By Peter Barret
Circus Magazine 1977
"Meat Loaf auditioned and it was just at the time I was
sort of reaching a turning point where I decided I wanted
to do rock and roll more than I wanted to do theater."
Upstarts: Meat Loaf's Revved Up Rock
A few months back, a man who calls himself Meat Loaf walked into the Lone Star cafe in Manhattan. On the stage were members of Slewfoot, Toby Bo, a Broadway singer named Rhonda, and Johnny and Edgar Winter. Now Meat Loaf, who may be better know to some as Eddie of The Rocky Horror Picture Show, is not a timid man. He hoisted his ample frame onto the stage and ambled over to fellow Texan Edgar, who, being extremely nearsighted, turned to a friend and said, "Who is it?"
Only Edgar Winter could have asked the question, because Meat Loaf is not someone easily missed. Not only for his massive physical size, but also for his massive voice. That voice was most recently heard on Ted Nugent's Free For All, but has also accompanied its owner in a long series of rock musicals, including Hair and the National Lampoon Show. None of these vehicles, memorable as some of them were, was quite able to support the prodigious Mr. Loaf. There was nothing BIG enough. Until he met a composer named Jim Steinman.
Steinman is as small and quiet as Meat Loaf is large and loud. But his musical fantasies are nothing short of epic, as anyone who takes the 9:44 it requires to listen to Bat Out Of Hell will readily discover. The title cut of Meat Loaf's debut on Cleveland International/Epic is a blockbuster sci-fi thriller about a mutant biker who rides out of the pit of Hell.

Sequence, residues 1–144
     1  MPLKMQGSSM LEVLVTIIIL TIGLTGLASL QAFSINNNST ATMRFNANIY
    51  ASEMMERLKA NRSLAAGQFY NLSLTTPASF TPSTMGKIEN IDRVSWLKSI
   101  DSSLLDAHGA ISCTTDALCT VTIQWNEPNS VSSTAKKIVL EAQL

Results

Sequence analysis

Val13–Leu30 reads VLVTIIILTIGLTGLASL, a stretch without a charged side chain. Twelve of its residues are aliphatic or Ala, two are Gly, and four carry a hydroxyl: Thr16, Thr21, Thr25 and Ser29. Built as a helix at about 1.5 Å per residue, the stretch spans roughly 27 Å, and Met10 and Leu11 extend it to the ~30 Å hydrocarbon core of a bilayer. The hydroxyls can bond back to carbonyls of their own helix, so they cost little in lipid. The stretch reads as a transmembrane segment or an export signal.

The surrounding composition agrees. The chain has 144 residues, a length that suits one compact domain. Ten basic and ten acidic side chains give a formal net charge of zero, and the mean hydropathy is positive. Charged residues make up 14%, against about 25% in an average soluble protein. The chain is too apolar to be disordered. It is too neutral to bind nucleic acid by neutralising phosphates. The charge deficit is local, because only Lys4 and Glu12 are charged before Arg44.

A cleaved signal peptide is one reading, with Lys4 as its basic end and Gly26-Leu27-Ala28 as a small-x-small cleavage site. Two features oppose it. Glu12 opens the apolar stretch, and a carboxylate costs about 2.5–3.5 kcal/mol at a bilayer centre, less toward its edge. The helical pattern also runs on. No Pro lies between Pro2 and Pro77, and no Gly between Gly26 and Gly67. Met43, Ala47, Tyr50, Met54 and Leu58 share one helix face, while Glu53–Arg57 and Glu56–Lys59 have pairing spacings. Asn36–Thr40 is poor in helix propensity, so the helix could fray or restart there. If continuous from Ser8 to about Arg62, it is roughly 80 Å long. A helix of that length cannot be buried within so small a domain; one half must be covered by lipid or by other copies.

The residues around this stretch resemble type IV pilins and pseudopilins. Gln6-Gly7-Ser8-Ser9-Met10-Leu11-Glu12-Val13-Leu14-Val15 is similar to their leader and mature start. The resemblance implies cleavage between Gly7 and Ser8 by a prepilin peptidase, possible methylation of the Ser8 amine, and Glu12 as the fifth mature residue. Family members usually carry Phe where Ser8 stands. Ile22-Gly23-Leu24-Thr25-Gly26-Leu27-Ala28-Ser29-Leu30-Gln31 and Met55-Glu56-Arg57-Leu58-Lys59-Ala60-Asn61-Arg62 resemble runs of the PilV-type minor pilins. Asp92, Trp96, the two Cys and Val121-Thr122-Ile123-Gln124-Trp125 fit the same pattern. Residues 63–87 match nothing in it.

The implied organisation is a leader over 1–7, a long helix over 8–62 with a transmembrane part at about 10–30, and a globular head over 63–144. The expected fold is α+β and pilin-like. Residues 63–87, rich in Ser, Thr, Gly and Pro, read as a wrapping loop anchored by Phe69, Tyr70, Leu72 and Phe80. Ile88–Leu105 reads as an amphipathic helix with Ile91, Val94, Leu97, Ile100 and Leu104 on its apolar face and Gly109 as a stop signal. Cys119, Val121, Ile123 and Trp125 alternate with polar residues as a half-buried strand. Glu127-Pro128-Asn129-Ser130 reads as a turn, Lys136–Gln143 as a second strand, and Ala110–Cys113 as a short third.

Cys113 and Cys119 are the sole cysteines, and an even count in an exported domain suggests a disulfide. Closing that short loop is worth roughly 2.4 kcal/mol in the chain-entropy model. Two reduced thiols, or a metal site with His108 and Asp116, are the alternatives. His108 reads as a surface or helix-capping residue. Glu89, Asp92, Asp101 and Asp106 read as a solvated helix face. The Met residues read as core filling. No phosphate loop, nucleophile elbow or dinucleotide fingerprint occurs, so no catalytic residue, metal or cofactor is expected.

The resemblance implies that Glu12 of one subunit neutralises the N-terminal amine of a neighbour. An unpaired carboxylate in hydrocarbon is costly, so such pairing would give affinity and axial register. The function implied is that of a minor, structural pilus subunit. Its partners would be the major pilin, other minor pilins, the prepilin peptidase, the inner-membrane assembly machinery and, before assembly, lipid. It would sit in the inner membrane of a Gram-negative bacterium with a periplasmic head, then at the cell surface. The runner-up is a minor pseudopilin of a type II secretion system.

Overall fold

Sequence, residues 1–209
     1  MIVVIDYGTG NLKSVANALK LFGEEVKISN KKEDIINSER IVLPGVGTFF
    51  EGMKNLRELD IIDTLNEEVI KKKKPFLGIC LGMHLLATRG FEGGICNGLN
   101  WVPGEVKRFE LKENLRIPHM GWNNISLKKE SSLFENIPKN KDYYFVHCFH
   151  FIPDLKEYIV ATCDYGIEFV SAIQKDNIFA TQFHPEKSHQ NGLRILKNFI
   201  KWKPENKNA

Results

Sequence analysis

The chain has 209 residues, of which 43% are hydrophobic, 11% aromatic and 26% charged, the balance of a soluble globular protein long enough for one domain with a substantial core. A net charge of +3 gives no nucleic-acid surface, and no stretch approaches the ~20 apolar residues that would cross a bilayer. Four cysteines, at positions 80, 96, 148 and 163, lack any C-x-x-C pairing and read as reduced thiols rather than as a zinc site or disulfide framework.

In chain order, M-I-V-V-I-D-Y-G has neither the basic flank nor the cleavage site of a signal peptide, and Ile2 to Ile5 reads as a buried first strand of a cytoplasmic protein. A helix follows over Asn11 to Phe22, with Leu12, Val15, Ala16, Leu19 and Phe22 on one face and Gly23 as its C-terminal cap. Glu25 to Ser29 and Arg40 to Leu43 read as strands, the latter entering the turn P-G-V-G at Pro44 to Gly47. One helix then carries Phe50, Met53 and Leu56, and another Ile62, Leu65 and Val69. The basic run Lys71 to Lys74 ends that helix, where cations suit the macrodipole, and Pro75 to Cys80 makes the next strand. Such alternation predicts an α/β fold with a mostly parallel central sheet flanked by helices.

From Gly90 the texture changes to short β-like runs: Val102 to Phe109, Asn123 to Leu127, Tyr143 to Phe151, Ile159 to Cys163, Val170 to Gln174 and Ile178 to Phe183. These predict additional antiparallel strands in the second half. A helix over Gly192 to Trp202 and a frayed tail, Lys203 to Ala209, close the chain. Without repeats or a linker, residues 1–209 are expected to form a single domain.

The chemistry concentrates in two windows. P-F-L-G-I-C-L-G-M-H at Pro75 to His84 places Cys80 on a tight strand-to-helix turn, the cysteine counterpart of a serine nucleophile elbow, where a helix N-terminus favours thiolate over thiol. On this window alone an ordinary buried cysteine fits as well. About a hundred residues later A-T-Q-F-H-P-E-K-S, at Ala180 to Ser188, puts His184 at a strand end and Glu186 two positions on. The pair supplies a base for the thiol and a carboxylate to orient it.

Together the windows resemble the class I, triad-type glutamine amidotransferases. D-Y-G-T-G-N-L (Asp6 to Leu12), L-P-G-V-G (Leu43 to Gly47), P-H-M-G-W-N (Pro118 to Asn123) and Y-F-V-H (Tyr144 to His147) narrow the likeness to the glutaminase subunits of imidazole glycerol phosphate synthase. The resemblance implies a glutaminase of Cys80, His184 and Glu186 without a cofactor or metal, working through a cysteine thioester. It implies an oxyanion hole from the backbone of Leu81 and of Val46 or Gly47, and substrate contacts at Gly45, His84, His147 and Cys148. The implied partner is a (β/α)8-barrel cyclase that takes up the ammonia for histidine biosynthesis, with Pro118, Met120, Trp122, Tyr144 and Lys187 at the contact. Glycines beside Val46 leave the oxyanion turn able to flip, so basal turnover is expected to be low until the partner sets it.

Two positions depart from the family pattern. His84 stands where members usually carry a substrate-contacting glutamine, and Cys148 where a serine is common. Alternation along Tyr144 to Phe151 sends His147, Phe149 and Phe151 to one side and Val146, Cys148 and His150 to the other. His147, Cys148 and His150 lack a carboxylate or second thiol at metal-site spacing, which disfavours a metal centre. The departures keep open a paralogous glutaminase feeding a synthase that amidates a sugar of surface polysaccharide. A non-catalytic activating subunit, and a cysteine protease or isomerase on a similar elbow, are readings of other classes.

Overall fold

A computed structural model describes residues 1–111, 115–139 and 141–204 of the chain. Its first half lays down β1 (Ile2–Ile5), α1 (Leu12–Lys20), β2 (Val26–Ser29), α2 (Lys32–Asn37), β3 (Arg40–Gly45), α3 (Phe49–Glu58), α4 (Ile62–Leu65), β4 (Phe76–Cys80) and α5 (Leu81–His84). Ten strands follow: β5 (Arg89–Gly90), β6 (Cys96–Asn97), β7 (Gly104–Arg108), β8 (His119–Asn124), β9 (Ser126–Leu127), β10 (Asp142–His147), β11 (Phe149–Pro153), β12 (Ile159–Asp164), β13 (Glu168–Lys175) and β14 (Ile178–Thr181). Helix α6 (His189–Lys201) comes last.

"I've always been fascinated by the supernatural," Steinman says. "And I always felt that rock was the perfect idiom for it." When he began working with Meat Loaf several years ago, Steinman realized he had found the ideal voice for his highly romantic songs. "It's difficult because I wanted someone with an operatic kind of intensity, but obviously I didn't want an opera singer. I wanted a hard rocker." After a few remarkable performances Meat Loaf and Steinman started searching for a producer.
"We had been working in a rehearsal studio, and Moogy Klingman started coming by quite a bit. One day he brought Todd Rundgren down to hear us, and Todd listened and said 'Let's do it.'" A very fortunate accident: Todd's interest was pivotal in the creation of Bat Out Of Hell. Not only was he the perfect producer for Steinman's grand designs, he was also the essential guitarist, long admired by Meat Loaf and Steinman both. "We knew pretty clearly what we wanted," Meat Loaf said, "But Todd works so fast that sometimes it seemed as though he was reading our minds. He would say, 'Do you want backups on this?' and we would say 'Yes,' and he would step into a corner for a few minutes, and return with parts for everybody, perfectly matched to the music."
The album also features Max Weinberg and Roy Bittan, from the E Street Band, and for a sizzling few minutes, the myopic Mr. Winter on saxophone. With Heavy Metal artist Richard Corben's incendiary cover illustration, and Meat Loaf's blistering vocals belting over three octaves, Steinman's Wagnerian rock may well start fires that will be hard to put out.